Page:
I’ve just been looking at a couple of high-ranking websites that claim to be telling readers how to negotiate a car deal with a dealership or outsmart a car salesman, and I’m scratching my head to imagine who could have possibly written such garbage. One of the lists of things to do should really have been a list of what not to do, so let me share it with you and explain how to go about things the correct way. Here are some things you should never do:
- Flash the cash – Producing an envelope stuffed with cash and putting it on the desk won’t do you any good and will just make you look like a fool. If you’re dealing with a dodgy independent used car dealer who sells cars for a couple of thousand dollars, then perhaps it could have some benefit, but this is an absolute no-no at a franchise dealership.
- Lie about other buyers – Don’t try telling them you know they can do better because they did a better deal in the past for a friend or neighbor unless it’s true and they did. You’ll be surprised how well some of them remember previous customers, and if they start asking in-depth questions and you’re telling little white lies, they’ll soon know.
- Quote prices from online resources – This is a bit of a grey area these days, but I’m still going to warn you. Do as much research on prices for new cars and valuations for your trade-in as you can before you go to buy, but don’t go quoting these figures as gospel. Some online resources are excellent and highly accurate, but some are just fighting for clicks and traffic and will tell you what you want to hear. Unless you know enough to be able to tell a respected resource from a clickbait site, keep those figures to yourself and just use them as a rough guide.
- Taking a wingman – I’m not saying you must go alone to buy a car, but taking someone purely as a wingman because they know a bit about cars could be counter-productive. If it’s a used car you’re looking at, and your friend is an auto technician, then fair enough. But if it’s a new car, they’re not going to be of any use unless they know about sales. You’re not in control of what someone else is going to say, and they could just as quickly drop you right in it as to be of any quantifiable help.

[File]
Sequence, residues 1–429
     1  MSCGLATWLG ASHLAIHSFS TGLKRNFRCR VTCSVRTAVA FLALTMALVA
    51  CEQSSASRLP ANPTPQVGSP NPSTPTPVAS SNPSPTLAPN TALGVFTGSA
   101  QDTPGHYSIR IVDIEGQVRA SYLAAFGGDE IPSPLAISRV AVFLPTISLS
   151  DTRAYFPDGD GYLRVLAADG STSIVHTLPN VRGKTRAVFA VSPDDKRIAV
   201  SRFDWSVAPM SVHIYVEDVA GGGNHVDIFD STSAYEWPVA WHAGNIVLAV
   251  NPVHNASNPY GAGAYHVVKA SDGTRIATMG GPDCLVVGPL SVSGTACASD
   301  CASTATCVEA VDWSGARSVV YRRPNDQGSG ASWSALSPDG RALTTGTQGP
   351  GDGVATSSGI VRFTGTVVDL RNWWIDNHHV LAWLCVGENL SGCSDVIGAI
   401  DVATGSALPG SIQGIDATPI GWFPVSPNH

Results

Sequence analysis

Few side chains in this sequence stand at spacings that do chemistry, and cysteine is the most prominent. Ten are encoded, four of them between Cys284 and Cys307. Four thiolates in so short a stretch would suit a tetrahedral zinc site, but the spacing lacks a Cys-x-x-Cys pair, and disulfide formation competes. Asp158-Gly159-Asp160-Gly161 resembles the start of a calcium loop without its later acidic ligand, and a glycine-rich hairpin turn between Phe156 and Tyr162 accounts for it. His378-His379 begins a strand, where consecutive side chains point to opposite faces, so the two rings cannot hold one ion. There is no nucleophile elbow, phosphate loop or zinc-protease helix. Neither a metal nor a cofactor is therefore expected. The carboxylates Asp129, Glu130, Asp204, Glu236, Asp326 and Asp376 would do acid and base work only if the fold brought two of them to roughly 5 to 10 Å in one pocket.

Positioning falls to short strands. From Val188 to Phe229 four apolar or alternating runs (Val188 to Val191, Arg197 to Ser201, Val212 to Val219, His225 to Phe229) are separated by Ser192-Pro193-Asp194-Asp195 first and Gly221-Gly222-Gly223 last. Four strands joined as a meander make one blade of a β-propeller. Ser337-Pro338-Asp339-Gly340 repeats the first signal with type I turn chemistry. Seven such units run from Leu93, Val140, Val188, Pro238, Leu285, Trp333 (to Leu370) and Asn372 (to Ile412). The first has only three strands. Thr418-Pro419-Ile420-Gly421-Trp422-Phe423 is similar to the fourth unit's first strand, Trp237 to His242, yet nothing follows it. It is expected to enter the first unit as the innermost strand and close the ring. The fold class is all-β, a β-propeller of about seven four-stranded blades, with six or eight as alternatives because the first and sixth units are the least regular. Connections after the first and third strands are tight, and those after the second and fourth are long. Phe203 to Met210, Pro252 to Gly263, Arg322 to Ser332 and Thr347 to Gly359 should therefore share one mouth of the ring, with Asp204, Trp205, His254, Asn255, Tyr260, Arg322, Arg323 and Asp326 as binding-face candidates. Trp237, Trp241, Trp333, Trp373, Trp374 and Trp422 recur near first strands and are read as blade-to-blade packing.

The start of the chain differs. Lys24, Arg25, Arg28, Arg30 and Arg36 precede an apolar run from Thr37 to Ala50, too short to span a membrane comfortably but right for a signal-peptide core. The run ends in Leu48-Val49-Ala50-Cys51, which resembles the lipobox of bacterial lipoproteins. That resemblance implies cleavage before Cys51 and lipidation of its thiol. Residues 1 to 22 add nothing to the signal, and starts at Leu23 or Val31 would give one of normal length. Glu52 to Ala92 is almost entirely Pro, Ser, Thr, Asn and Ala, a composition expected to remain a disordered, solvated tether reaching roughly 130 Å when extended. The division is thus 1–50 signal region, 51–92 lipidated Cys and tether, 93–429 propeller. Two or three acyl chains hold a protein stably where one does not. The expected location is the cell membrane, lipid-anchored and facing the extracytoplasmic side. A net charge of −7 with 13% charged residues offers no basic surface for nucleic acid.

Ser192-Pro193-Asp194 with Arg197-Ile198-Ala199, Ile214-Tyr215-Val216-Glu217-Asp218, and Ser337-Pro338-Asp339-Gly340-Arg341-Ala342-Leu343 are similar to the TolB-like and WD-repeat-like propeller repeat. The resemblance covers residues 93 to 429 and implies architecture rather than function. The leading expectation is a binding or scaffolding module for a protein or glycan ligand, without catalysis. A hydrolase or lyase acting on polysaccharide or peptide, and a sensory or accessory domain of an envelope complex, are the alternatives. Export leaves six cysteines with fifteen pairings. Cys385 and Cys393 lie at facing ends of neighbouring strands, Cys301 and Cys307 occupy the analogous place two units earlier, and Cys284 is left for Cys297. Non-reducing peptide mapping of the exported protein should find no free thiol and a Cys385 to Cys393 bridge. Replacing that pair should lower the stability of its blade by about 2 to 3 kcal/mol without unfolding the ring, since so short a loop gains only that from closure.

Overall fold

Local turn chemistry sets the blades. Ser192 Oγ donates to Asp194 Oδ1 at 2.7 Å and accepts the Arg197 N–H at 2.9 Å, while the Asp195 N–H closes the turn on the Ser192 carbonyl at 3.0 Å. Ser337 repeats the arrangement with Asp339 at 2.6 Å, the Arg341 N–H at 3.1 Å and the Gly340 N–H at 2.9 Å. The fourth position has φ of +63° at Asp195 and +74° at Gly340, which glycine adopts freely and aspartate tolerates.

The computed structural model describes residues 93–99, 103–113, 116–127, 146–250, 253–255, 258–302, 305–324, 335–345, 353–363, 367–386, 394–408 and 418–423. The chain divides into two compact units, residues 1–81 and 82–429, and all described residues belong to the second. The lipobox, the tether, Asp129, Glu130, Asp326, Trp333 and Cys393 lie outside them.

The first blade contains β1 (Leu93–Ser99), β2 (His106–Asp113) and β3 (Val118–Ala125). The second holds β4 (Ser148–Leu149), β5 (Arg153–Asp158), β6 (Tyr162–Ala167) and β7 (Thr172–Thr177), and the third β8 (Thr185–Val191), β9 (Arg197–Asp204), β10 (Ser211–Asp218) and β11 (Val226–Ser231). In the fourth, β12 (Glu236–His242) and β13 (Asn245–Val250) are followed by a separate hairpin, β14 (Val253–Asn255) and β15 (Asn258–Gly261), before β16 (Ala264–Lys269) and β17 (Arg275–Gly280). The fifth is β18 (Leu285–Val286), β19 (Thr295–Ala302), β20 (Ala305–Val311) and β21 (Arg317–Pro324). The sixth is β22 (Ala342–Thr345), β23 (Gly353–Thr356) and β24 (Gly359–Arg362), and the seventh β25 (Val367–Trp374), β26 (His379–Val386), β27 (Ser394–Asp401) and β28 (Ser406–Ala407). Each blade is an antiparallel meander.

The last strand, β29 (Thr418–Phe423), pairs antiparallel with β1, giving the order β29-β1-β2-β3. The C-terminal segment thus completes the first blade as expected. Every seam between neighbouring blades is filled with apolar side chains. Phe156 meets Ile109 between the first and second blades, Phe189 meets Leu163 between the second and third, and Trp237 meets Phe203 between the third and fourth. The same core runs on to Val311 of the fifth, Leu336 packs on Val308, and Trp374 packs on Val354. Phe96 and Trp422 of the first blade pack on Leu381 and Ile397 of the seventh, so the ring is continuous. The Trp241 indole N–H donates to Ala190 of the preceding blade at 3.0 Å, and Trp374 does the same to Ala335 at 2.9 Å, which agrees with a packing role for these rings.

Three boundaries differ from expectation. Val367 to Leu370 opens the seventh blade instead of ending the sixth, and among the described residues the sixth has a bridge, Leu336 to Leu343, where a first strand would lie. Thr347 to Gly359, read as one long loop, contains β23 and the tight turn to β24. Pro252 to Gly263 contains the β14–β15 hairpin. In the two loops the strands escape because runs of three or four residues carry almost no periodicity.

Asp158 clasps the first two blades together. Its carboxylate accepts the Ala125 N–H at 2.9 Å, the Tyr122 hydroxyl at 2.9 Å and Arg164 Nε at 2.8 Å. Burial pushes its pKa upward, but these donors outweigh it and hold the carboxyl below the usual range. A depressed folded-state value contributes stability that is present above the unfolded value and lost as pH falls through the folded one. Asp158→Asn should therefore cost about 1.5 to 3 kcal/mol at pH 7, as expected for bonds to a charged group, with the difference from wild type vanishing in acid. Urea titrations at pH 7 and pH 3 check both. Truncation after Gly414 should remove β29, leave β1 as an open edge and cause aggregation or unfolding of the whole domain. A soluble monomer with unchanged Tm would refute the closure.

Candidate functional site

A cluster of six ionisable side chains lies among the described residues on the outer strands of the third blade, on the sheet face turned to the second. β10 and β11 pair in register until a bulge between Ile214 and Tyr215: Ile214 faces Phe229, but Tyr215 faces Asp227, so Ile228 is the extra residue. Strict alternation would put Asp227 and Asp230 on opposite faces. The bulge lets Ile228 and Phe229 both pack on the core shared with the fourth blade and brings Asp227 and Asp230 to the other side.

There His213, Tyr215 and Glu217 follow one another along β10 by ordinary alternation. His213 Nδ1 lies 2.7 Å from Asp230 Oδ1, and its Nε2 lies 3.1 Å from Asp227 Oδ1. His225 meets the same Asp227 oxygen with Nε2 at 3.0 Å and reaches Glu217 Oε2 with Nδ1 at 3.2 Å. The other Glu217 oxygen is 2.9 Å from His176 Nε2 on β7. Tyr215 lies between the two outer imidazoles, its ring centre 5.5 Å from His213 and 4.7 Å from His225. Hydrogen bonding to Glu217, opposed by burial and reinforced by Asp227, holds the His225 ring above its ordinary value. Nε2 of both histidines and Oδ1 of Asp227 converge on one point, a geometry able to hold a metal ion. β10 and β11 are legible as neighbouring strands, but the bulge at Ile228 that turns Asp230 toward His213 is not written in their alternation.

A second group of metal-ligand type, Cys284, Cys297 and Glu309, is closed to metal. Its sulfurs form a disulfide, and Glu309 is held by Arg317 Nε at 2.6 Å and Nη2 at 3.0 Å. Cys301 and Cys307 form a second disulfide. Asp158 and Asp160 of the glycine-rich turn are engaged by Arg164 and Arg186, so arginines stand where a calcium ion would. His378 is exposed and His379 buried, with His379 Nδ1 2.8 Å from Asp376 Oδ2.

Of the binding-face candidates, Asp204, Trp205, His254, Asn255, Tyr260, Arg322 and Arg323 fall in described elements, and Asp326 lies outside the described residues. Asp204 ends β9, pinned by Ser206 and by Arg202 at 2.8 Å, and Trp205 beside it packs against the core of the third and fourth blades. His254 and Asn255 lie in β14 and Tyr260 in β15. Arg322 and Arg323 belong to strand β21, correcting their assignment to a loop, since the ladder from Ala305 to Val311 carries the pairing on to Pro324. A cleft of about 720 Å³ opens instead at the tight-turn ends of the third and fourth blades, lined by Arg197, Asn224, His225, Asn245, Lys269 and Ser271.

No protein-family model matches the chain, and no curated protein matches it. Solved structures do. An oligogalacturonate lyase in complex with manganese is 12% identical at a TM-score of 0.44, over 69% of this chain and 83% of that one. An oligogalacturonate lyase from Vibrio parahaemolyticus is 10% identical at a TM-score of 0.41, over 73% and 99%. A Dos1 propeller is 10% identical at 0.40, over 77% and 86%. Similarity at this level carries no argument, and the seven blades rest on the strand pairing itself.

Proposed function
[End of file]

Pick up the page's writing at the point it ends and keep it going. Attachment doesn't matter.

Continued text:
- Emotional sob story – The guy I mentioned above who got a cost-price deal on a luxury SUV didn’t give me a sob story; he was just being honest about his budget and needs. Trying to tug on the heartstrings of a sales exec is very unlikely to wash, and that’s because they probably won’t believe you, even if you’re telling the truth. After all, this is a purely financial transaction and nothing else.
- Lie about better offers you’ve had – If you have had a better offer somewhere else on the exact vehicle, then pull out an official quote as a negotiating tool. Do not, under any circumstances, concoct a fictitious offer from another dealer to try and get the deal you think you should have. The chances are you don’t know what the best possible deal available for that model really is, and if your claim is ridiculously low, the sales exec will know you’re making it up, and then your credibility is shot.
These are the things you shouldn’t do when you next go to buy a car and a couple that you should. If you follow this advice, you shouldn’t go too far wrong. However, you need to know some tricks and tactics that I cover in another article that are not as common as they used to be but still exist in the murkier areas of the auto business.